MN NICE: Year Three

Last November we celebrated our second graduating class! We are proud to continue the Minnesota New Institute for Ceramic Education into its third year, with the most diverse student body to date. Jill Foote-Hutton, NCC’s new Director of Learning and Engagement, sat down with MN NICE students Kathryn Schroeder and Matt Cawley to discuss some of their experiences at the end of their first block of classes, September to November, 2016.

Matt Cawley, Canister, 2015,
wood-fired porcelain, 6” x 6” x 7”.

Kathryn Schroeder, Jar, 2016, porcelain, 9" x 7.5" x 7.5".

Why did you originally apply to MN NICE? What do you hope to achieve?

Kathryn: I applied to MN NICE to advance my career as a studio potter, and lately have been thinking really hard about where I fit in the field of ceramics, professionally, and what skills I can contribute long term. I'm positive now that I'm working towards graduate school. I knew that my objective has always been to reach high, and at NCC with this deeper appreciation of the sophisticated work around me, it makes me want to reach even higher with my work.

Matt: I applied to MN NICE to further my ceramics education. I knew I wanted to learn more than what I had gleaned from my undergrad experience and that I wasn’t ready for graduate school quite yet. One of the most attractive aspects of the program to me was being a part of a group of people all interested in learning more about ceramics— functional or otherwise. We all have different levels of experience, which really brings a diversity of perspective to the conversations and the work.

What has been the most impactful feedback from your Mentor Artist meetings?

Kathryn: Heather Nameth Bren was my first [mentor] artist and had so many wise words, references, and questions of my direction and symbolism. It's hard to choose what was most impactful, but I'm eager to jump into the reading list she sent me away with! She also referenced work that I love, but hadn't thought this work had any connection. It's refreshing to see those unexpected relationships and it helps distill maybe what subconscious thinking was coming out in the work.

Matt: The most impactful feedback I have had from my [mentor] artist critique with Joel Froehle is to make sure surface influences form. Often it’s the other way around, but there is most certainly a two-way relationship happening there. Also, my [mentor] artist meeting with Kate Maury led me to really consider how my personal experience drives my pots, and to really let go of styles/practices that other people expect, and to latch on to what I really want.

How does the MN NICE class dynamic differ from your experience with traditional education models?

Kathryn: In all the best ways, it has been very wide-open. I love that Ursula and her team meets us where we are in our careers, and accommodates the instruction/ critique/ presentation to the individuals in the room. With such variety in students' background and education, a lot gets tailored and it really lifts up the skills and identities in the class. The point is to help us along in our careers, but because it's per student, it seems like we get to write our own goals. We may be on different pages with what we are investigating, but the group as a whole has momentum and we're finding our own paths.

Matt: When I was in college, there was very little discussion about pots. There was a much sharper focus on concept, and less attention to technique and materials. The class talks about pots, glazes, clay bodies, form, surface, and all the delicious topics that ceramists love, with more zeal than when I was in college, and I adore it. I’m really excited about pots.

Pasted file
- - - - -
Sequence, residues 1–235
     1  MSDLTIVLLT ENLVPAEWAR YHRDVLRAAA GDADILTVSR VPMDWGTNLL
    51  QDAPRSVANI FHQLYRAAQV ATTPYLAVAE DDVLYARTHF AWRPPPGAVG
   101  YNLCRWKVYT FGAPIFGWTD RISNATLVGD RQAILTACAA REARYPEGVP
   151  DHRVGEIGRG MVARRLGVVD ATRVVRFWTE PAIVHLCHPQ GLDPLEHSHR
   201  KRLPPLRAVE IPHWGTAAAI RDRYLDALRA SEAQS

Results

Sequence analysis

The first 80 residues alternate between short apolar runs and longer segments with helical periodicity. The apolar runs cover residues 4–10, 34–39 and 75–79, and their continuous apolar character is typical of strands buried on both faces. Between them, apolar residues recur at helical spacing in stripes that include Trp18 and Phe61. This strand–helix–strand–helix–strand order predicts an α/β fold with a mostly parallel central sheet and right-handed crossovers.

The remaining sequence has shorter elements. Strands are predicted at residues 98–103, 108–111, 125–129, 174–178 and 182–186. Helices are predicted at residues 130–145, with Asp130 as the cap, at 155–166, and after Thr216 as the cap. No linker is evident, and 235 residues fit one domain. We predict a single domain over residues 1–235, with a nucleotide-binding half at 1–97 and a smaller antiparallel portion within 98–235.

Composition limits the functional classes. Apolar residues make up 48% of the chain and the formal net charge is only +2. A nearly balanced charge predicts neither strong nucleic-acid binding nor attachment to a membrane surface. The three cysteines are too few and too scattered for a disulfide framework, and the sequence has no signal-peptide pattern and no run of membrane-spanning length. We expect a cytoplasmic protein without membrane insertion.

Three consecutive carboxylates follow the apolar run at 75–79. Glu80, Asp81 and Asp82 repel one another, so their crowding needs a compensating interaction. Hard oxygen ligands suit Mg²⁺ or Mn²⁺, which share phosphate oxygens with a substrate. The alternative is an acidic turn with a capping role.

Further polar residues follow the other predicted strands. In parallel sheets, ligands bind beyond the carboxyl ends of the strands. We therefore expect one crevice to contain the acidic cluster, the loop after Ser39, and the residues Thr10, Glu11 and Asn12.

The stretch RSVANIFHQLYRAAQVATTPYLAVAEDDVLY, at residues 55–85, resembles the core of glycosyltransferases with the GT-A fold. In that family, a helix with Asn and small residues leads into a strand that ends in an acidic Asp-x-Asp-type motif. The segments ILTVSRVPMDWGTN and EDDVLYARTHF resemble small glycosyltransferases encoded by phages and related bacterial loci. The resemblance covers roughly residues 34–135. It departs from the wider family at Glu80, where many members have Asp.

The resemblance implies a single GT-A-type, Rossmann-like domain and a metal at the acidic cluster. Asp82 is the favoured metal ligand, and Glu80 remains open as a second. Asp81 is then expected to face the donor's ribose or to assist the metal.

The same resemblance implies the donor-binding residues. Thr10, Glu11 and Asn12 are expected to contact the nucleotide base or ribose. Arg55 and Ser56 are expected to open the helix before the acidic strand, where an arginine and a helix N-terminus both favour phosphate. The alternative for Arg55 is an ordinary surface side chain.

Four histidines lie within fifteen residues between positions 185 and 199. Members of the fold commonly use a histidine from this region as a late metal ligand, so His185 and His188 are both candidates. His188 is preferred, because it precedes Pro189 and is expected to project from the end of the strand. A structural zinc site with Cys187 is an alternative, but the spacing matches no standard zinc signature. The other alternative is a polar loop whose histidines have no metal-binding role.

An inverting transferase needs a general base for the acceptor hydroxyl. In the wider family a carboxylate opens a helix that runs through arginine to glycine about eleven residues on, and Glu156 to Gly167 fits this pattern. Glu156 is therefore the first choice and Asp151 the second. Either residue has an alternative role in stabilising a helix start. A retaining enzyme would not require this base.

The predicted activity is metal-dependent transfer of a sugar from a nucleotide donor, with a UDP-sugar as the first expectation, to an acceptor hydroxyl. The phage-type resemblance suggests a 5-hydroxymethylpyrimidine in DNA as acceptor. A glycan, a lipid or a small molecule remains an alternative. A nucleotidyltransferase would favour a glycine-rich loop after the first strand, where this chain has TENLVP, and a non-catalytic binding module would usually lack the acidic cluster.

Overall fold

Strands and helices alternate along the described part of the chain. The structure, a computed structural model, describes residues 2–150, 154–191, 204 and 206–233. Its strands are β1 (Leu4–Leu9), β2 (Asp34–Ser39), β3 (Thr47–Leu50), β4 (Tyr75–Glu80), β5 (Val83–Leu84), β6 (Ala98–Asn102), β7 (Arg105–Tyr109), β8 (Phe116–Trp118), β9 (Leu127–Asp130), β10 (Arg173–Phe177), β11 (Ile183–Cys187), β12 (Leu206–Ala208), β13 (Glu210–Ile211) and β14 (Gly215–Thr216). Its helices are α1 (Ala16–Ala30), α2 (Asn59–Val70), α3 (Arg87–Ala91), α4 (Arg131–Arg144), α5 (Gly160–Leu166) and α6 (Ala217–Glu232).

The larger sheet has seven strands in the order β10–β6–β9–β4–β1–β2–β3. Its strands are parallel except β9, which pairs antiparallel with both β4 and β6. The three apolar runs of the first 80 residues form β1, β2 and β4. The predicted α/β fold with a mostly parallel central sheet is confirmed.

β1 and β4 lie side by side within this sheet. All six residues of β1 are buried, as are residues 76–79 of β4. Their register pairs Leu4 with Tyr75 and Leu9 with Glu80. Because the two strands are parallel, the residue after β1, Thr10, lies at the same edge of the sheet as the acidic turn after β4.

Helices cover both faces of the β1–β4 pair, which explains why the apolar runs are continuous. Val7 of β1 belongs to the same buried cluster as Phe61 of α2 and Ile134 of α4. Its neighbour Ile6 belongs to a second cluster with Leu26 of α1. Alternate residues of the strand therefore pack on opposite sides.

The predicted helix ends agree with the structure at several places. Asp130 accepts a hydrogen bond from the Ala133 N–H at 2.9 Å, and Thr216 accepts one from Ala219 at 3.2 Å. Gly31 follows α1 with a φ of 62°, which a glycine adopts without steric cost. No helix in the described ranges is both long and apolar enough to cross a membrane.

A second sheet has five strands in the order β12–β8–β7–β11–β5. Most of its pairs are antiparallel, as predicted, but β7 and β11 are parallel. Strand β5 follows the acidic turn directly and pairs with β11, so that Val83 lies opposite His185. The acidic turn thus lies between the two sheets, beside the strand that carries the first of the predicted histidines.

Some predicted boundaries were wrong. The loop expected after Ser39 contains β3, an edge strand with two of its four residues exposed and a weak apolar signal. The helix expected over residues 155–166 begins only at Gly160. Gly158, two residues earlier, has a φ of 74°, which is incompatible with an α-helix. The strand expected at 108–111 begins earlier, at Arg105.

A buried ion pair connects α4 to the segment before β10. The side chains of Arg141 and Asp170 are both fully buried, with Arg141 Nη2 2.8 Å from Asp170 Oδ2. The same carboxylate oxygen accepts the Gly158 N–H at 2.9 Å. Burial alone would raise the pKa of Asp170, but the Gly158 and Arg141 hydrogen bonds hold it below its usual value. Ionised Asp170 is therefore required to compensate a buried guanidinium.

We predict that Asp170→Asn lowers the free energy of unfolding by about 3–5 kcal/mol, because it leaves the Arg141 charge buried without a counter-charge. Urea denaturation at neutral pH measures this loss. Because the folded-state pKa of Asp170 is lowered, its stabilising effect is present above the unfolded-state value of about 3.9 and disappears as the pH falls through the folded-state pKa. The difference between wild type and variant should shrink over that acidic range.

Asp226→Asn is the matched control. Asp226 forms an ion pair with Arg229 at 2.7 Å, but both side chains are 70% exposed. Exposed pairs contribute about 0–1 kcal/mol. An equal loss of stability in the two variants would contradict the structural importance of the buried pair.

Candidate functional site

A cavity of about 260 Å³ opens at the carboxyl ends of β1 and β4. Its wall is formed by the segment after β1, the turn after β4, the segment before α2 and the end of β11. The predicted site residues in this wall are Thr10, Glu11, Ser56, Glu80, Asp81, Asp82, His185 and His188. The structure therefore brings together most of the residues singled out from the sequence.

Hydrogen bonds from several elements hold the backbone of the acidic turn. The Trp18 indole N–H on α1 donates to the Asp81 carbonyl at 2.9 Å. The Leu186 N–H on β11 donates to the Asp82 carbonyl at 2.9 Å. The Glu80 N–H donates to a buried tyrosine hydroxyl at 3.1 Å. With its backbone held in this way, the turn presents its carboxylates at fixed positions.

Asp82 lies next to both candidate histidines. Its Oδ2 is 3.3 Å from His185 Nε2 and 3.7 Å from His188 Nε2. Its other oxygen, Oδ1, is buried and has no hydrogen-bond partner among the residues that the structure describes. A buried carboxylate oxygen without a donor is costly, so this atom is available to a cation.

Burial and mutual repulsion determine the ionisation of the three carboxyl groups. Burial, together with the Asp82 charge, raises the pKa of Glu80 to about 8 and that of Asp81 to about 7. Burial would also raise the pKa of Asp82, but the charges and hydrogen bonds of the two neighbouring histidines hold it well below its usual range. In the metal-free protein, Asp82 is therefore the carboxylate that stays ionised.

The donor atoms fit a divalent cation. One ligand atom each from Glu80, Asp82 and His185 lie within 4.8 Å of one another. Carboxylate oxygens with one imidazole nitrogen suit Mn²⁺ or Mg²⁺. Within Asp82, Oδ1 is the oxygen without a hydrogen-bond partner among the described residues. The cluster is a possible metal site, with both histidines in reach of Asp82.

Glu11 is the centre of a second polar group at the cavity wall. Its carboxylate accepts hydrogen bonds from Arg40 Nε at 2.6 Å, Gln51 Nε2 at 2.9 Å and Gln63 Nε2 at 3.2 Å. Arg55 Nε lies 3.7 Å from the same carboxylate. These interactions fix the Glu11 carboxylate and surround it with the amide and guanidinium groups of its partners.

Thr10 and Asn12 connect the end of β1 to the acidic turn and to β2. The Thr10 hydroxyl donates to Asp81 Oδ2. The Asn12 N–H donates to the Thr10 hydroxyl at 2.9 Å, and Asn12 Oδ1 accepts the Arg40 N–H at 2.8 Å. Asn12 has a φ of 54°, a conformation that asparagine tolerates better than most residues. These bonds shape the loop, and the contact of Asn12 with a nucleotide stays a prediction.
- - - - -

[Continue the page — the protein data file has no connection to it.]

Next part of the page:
What is the biggest challenge you are hoping to tackle in the second block of class meetings?

Kathryn: My material investigations are underway, and the forms are really close to where they need to be. I will still have a lot of questions working on the surface (and they just seem to keep opening more). I think the biggest challenge for next semester is about context and how groupings of these pots all together start to tell a narrative about culture.

Matt: Social media and public presence are a couple of things that I definitely need work on. I wish I could completely remove the money aspect of pursuing my craft, but that is impractical for me. I need to work on getting my work out there, having a good web presence, taking professional photographs, etc. Technology...not my strong point.

Which field trip was most inspiring?

Kathryn: Of all our wonderful visits with artists, galleries, and the MIA, my absolute favorite was visiting Linda Christianson. I think with zero effort, she answers questions I didn't know I was asking, both about the life of a potter and the values we should uphold in our work, day in and day out. She is so incredibly bright and articulate, but nonchalant and accomplished in a very low key and seemingly effortless way. She just is, and her work has that same glowing presence of a life well-lived.

Matt: I still find myself thinking about our visit with Eileen Cohen at the Augsburg Gallery. I have a thing for logistics, and what she had to consider to get her installation into that space was no small feat. It was good to hear about the number of people involved in setting up a show, and that it is okay to ask for help! Alternatively, Linda Christianson’s lifestyle really is the dream. I hope to someday have my own wood kiln, and her rural lifestyle is so appealing! My only reservation is that, as a cripplingly extroverted guy, I would miss human interaction to live so far away from a bustling metropolis.

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